The British pound has been under scrutiny for some time now, with the GBP/EUR currency pairing having plunged significantly over the course of the last two days. This is fairly typical for the GBP, which has continued to trade in an ever-depreciating range since the Brexit vote back in 2016.
For many, this is little more than an interesting aside, but the fact remains that fluctuating foreign exchange rates and currency prices can have a significant impact on both business-owners and the economy as a whole.
We’ll explore the relationship between currency prices and the business community below, while asking whether or not a weak or a strong currency is preferable?
Payments and Merchandise Trade – Impacting Business on a Daily Basis
In many cases, the impact of currency fluctuations is easy to overlook, primarily as most business transactions are conducted in their domestic currency.
However, for firms that trade or operate internationally, real-time currency rates directly impact criteria such as supplier payments and merchandise trade.
In the case of merchandise trade (which refers to a nation’s imports and exports), for example, a strong domestic currency will actively stifle exports while simultaneously making it cheaper to import goods and materials.
Conversely, a weaker currency can create more competitive international prices and stimulate the demand for exports, and over time this will minimise a nation’s trade deficit and increase its surplus over time.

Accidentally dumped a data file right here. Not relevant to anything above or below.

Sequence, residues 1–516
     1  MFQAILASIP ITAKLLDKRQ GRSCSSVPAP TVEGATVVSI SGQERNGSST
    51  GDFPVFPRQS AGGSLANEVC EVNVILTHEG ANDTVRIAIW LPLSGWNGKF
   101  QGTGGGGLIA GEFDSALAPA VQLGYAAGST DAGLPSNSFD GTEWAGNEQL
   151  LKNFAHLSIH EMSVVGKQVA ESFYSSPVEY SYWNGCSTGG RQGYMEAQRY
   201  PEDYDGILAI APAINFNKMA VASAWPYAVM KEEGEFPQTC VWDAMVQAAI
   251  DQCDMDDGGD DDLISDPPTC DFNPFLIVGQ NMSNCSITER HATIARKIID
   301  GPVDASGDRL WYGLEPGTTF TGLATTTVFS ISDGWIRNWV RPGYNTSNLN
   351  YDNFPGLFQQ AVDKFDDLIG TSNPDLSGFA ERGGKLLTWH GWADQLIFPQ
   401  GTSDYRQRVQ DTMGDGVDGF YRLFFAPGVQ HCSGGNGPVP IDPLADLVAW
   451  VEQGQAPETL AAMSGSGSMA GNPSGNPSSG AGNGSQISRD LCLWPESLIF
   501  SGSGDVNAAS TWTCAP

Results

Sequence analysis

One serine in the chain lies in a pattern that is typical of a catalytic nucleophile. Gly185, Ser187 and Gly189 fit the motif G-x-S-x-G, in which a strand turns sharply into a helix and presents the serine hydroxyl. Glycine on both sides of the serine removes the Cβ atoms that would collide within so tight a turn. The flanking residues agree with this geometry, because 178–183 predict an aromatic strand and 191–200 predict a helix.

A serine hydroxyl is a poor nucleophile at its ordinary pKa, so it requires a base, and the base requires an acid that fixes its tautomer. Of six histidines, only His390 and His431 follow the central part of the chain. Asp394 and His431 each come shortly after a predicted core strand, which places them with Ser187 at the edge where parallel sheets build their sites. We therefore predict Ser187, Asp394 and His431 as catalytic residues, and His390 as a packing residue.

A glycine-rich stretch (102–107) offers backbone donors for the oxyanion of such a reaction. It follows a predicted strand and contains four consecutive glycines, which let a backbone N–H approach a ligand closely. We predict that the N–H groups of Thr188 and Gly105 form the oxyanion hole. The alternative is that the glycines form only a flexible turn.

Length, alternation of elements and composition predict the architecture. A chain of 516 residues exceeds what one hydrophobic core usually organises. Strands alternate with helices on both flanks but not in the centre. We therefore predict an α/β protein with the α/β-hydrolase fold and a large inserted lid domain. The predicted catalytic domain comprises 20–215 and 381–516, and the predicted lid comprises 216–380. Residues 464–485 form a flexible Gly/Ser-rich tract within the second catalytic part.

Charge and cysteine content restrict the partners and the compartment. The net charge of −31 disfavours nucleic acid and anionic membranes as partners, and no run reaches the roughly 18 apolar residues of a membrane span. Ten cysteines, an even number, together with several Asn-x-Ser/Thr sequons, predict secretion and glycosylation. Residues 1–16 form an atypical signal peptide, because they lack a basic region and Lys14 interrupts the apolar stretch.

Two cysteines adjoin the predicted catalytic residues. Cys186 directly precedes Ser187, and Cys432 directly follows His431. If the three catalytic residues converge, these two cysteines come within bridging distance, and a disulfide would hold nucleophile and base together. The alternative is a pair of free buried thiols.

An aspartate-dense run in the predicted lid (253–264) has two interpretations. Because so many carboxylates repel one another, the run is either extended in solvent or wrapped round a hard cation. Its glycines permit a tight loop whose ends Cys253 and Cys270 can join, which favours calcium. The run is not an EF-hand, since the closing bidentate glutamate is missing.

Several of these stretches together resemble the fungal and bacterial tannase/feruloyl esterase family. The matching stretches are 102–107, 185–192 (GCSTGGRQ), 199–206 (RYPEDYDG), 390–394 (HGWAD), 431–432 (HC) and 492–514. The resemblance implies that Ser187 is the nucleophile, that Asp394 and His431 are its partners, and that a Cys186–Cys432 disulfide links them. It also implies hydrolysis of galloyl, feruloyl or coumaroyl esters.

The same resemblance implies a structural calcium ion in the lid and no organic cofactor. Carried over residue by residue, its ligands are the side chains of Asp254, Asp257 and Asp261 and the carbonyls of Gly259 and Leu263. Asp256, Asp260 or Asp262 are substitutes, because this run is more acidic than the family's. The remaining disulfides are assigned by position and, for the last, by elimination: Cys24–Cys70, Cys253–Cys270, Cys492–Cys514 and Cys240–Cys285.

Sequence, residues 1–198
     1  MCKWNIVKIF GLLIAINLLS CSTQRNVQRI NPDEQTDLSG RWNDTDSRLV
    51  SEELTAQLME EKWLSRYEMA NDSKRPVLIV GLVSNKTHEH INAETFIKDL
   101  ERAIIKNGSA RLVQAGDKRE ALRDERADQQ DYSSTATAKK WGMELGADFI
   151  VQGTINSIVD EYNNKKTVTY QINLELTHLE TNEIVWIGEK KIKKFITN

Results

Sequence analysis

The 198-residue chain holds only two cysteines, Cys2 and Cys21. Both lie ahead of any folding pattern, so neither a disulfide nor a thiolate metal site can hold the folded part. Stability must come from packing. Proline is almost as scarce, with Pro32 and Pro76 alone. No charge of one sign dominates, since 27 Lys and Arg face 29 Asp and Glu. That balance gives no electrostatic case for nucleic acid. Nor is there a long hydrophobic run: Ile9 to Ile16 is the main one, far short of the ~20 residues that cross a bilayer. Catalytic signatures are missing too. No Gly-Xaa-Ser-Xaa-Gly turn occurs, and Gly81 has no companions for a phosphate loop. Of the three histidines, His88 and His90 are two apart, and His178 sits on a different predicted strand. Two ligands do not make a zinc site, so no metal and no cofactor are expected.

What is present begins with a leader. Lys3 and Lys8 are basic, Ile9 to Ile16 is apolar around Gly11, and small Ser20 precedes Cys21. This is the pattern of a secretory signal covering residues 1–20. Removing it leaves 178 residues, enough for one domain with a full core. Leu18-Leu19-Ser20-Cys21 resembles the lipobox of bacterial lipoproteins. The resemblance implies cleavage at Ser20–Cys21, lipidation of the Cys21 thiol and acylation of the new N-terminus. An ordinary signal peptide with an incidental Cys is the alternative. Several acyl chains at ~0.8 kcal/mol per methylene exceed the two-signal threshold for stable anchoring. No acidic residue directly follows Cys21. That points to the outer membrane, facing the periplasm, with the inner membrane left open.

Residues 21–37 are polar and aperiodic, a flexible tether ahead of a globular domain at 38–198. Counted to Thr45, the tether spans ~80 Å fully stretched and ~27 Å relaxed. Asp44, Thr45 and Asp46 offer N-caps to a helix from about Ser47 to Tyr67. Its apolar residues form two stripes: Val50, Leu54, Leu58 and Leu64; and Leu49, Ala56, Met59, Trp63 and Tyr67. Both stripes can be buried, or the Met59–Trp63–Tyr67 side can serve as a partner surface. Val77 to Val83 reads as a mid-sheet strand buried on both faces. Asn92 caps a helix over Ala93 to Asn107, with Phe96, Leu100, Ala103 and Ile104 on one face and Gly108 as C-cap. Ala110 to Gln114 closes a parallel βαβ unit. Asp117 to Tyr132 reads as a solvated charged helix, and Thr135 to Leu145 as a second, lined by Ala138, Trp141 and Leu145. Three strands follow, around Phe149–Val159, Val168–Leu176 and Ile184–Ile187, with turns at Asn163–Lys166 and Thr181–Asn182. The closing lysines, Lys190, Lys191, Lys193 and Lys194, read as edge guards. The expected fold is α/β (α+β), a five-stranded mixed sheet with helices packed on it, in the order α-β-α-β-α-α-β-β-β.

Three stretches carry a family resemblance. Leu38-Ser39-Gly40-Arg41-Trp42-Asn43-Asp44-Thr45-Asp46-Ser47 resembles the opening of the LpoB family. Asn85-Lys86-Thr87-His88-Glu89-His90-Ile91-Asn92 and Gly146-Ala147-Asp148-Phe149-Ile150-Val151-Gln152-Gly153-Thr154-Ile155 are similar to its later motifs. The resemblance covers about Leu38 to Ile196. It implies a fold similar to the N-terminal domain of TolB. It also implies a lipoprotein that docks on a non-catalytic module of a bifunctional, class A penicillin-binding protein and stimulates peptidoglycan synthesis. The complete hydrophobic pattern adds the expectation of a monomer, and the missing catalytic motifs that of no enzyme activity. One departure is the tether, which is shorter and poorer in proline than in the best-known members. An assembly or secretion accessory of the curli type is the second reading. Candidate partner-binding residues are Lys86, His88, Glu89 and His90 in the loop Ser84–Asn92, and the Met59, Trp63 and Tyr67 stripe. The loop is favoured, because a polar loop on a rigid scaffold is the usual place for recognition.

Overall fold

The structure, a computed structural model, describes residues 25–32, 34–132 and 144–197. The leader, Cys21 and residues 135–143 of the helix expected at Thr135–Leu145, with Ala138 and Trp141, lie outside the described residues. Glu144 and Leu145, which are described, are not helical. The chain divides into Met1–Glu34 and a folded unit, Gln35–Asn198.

Whether this is favourable or not depends on the nature of your business, while those that deal specifically in import and export trade will focus primarily on the latter when the domestic currency is declining in value.
Currency rates also impact on international supplier benefits, and this can either benefit or hinder businesses. For example, a weakening British pound will increase the value of international supplier labour from the perspective of UK firms, whereas overseas contractors will be required to accept an effective pay-cut when the GBP rises in value.
What About the Impact on the Economy?
If you’re familiar with forex trading and deal regularly in international currency pairings, you’ll also be aware that shifting values are directly linked to a country’s interest rates.
This has been borne out during the recent coronavirus pandemic, with a number of businesses (including the UK) having slashed their base interest rate as part of comprehensive quantitative easing measures. While this helps to support failing economies, however, it also weakens domestic currency growth and minimises capital inflows from overseas.
Largely driven by foreign direct investment (FDI), a reduction in capital inflows that impact negatively on GDP and cause economic sentiment to decline, and this can have a further effect of everything from share prices to the prevailing levels of consumer confidence.
This type of impact is often overlooked by businesses, particularly export-led ventures that profit directly from increased exports when the domestic currency declines.
However, it’s crucial that business-owners and entrepreneurs continue to track domestic currency values over time, and look to make more informed decisions as a result.